I'd walked the beaches around the world so many times, and never noticed sea glass. It wasn't until I moved to Vancouver Island, in the spring of 2018, that I was introduced to it. I was down at the beach with my family and dogs when I saw a little girl. I noticed she'd stop every once in a while to pick something up. I asked her if she was collecting rocks.
Looking a bit confused, she opened her hand and replied, "No gems".
Sure enough there in her hands were tiny sparkling gems. "Wow, those are amazing," I replied.
She smiled and handed me one. "Here," she took a gem and placed it my hand. "A beautiful gem for a beautiful girl," she said.
I was touched. "Thank you so much, I will treasure it." Treasure it I do. It sits on the table with my other favourite finds.
As we were leaving the beach that same day, I found myself walking with my head down. Sure enough there in the sand were tiny hints of glistening colour - sea glass. I picked up a few more pieces to bring home.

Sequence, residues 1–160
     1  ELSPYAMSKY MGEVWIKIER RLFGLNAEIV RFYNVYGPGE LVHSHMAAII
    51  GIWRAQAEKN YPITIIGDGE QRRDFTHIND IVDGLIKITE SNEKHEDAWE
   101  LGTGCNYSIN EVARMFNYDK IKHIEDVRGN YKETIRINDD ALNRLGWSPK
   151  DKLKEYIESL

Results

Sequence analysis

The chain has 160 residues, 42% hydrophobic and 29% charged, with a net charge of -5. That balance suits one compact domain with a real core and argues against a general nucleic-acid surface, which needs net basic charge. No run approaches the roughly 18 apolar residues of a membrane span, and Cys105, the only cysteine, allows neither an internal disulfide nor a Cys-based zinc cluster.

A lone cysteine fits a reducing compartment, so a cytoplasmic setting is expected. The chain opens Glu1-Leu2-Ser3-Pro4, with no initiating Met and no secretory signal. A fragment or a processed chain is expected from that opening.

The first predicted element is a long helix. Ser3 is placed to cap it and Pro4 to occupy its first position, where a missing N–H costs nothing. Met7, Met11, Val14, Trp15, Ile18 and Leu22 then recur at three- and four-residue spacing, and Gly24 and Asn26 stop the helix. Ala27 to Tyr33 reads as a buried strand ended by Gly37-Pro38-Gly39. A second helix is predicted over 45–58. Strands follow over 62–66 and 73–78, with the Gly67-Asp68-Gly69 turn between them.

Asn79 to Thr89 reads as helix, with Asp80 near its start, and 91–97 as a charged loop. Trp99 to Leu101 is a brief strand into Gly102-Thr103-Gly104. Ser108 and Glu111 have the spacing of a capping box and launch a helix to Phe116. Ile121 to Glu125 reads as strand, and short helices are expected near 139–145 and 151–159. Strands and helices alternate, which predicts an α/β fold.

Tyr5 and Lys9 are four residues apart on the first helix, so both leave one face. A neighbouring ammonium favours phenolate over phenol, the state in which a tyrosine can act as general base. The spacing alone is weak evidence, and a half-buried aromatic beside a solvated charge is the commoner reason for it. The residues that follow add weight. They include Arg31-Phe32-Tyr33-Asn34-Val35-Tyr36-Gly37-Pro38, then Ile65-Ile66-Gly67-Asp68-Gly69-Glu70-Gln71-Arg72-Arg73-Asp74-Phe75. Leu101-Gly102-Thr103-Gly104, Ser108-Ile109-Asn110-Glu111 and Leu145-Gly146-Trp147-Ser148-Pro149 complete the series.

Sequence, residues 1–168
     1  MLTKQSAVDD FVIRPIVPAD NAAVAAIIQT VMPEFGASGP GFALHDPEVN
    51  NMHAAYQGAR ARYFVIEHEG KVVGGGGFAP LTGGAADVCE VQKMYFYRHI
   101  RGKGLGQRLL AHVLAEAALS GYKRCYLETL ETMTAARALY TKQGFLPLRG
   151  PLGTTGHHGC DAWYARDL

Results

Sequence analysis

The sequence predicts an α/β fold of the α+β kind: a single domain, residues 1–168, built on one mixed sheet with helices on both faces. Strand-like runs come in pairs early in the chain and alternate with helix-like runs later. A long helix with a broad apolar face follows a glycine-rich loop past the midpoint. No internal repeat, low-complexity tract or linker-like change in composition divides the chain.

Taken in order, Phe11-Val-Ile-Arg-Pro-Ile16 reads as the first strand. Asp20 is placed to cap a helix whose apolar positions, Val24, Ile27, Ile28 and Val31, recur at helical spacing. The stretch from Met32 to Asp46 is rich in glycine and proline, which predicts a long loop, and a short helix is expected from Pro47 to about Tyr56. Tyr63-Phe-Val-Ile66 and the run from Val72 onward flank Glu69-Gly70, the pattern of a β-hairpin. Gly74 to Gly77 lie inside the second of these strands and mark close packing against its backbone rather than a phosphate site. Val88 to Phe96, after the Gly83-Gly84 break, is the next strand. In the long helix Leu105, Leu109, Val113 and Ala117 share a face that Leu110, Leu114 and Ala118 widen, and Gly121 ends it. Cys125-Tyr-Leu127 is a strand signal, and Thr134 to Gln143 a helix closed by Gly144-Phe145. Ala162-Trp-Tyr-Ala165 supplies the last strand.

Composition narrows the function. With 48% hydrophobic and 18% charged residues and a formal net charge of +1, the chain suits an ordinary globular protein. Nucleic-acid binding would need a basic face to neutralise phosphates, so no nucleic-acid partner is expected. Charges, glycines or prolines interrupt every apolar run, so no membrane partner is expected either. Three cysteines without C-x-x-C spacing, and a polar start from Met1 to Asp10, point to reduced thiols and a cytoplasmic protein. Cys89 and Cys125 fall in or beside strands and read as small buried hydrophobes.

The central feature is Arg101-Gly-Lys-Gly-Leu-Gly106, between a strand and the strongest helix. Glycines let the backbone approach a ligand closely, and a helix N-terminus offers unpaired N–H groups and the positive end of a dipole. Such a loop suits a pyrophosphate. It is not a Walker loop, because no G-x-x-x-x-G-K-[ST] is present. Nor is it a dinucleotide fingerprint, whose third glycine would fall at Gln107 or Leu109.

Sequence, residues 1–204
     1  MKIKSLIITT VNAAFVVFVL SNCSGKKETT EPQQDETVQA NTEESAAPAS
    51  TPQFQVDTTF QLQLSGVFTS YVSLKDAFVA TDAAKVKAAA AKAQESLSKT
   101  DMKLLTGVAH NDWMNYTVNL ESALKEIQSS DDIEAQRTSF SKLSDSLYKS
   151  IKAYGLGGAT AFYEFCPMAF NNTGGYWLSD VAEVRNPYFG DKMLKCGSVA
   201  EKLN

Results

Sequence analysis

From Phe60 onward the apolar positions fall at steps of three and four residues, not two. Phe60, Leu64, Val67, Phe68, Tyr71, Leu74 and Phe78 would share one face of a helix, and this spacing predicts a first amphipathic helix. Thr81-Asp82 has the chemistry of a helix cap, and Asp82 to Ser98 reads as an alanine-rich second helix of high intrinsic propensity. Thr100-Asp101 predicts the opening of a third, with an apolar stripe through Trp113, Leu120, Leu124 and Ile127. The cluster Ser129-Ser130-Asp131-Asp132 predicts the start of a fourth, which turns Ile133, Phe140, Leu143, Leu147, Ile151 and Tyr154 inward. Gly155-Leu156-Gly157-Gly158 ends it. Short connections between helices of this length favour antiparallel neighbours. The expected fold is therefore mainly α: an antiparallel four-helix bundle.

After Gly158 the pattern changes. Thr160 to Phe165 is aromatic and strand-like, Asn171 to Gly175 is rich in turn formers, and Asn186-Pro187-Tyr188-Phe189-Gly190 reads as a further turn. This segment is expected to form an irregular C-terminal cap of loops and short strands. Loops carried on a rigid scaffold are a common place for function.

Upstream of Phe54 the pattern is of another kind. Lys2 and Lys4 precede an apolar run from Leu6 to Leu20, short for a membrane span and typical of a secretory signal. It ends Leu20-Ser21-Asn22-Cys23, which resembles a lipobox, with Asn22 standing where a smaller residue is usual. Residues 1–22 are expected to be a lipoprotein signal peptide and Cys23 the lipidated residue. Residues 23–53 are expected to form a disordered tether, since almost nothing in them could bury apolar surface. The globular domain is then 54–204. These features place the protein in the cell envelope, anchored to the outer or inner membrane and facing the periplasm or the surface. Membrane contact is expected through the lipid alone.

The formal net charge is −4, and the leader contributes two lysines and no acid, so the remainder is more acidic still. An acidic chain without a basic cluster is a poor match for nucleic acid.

For the next few days I found myself going back to look for more. I'd sit and dig for hours. I'm not sure when it went from that to a full on love of sea glass, but I found myself doing research. How had the sea glass gotten there? What was it from? Eventually I came across the tale of the mermaid tears. If I hadn't been hooked on sea glass already, I definitely was now. I wanted to start incorporating it into my jewelry and mixed media art. This meant finding more colours and more sizes.
Now, I go to the beach at least three times a week, usually as many as five. I sit there anywhere from an hour to 3 plus hours. Honestly, I'm lucky I haven't gotten a parking ticket.
When I'm not at the beach, I'm generally cleaning and sorting the glass. Yet, I always find time for non-glass related hobbies such as crafting, reading, swimming, taking short walks, watching TV, checking social media, or writing.